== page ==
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the initial set of the “trial” extremal points. Moreover, they suffered from certain issues which prevented them to converge at the optimum solution in some cases. For algorithms described in [15], and [18], the convergence issue was solved by increasing the maximum number of iterations in the above-mentioned manner. However, the algorithms described in [16] and [19] have still remained sensitive to the selection of the initial set of the “trial” extremal points. This sensitivity motivated the authors of this contribution to ﬁgure out how the search for the “true” extremal points is really carried out in the core discrete Remez algorithm part in the FORTRAN implementation of the PM algorithm. After a thorough study of the FORTRAN code, it was observed that this code utilizes almost twenty interlaced “go to” statements which are quite redundant for locating the “real” extremal points. Meticulous investigation of the code revealed that it is possible to decompose the one large chunk of the search technique into two compact search techniques referred to as Vicinity Search and Endpoint Search in such a manner that the same optimum solution can be achieved in an efﬁcient manner as follows. In Vicinity Search, the candidate “real” extremal point is located in the vicinity of each “trial” extremal point, which is bounded by the preceding and the following “trial” extremal points with the exception of the ﬁrst (last) point for which the lower (upper) bound is the ﬁrst (last) grid point in use. Endpoint Search, in turn, checks whether before the ﬁrst (after the last) local extremum found by Vicinity Search there is an additional ﬁrst (last) local extremum of opposite sign. If one or both of such extrema exist, then their locations are considered as candidate “real” extremal points of the overall search consisting of Vicinity Search and Endpoint Search. In this case, there are one or two more candidate “real” extremal points as Vicinity Search already provides the desired number of “real” extremal points. In the PM algorithm, the desired ﬁnal “real” extremal points are determined according to the following three options: Option 1: The additional last extremum exists such that its absolute value is larger than or equal to those of the ﬁrst extremum of Vicinity Search and the possible additional ﬁrst extremum. Option 2: The additional ﬁrst extremum exists such that its absolute value is larger than or equal to that of the ﬁrst extremum of the Vicinity Search and larger than that of the possible additional last extremum. Option 3: The conditions in Options 1 and 2 are not valid. For Option 3, the ﬁnal “real” extremal points are the ones obtained directly from the Vicinity Search, whereas for Option 1 (Option 2), these points are obtained by omitting the ﬁrst (last) point based on Option 3 and by replacing the last (ﬁrst) point with the one found by Endpoint Search. Based on the above-mentioned facts, an extremely compact translation of the original FORTRAN implementation into a corresponding MATLAB implementation has been reporeted in [2]. The above study on how the PM algorithm performs the search for the “real” extremal points indicates that mimicking this search principle in the Remez-type algorithms proposed in [16], [19] does not give the ﬂexibility to transfer two extremal points between the two consecutive bands, for example, from a passband to a stopband or vice versa, which is a necessary prerequisite for convergence to the optimum solution in certain cases. Most signiﬁcantly, the search technique included in the PM algorithm does not follow the fundamental idea of the Remez multiple exchange (RME) algorithm when the approximation interval is a union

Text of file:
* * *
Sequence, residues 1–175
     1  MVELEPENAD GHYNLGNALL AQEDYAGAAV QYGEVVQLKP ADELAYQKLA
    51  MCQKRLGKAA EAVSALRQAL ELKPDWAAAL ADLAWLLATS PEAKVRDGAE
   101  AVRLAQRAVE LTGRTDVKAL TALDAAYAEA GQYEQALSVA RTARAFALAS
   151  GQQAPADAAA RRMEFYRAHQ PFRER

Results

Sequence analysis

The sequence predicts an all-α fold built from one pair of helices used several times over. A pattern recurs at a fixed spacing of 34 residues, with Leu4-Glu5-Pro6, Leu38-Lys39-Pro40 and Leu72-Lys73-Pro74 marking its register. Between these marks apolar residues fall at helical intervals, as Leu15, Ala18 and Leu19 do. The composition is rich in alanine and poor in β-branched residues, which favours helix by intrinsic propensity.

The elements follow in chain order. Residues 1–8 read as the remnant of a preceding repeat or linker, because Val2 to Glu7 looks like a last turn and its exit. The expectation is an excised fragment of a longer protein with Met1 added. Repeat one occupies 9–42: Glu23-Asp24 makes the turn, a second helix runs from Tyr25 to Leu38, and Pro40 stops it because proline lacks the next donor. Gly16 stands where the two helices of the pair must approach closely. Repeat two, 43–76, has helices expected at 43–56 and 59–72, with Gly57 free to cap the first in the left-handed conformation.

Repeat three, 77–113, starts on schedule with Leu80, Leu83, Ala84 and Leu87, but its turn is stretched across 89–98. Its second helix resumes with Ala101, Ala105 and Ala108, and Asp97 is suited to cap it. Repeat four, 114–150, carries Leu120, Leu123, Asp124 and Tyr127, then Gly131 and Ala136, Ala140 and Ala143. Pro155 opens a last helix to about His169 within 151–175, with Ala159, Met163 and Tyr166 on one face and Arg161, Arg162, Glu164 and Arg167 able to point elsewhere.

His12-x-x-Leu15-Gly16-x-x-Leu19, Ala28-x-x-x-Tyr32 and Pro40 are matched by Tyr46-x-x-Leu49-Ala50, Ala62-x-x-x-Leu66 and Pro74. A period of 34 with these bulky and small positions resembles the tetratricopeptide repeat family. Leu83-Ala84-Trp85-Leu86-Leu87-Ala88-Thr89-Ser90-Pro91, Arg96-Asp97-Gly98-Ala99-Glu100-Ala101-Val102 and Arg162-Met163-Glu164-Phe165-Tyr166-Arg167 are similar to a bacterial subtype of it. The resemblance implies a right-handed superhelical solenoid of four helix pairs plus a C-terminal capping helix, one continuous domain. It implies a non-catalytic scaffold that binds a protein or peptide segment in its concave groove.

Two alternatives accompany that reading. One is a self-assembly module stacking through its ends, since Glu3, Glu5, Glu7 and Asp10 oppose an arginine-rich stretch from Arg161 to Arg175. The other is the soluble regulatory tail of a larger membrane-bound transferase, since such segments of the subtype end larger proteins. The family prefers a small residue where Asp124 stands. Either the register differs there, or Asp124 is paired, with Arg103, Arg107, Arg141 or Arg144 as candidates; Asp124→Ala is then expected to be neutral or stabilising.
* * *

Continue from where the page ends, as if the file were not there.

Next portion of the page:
Two Novel Implementations ofAlgorithm the Remez Multiple Exchange Two Novel Implementations of the Remez Multiple Exchange for Optimum FIR Filter Design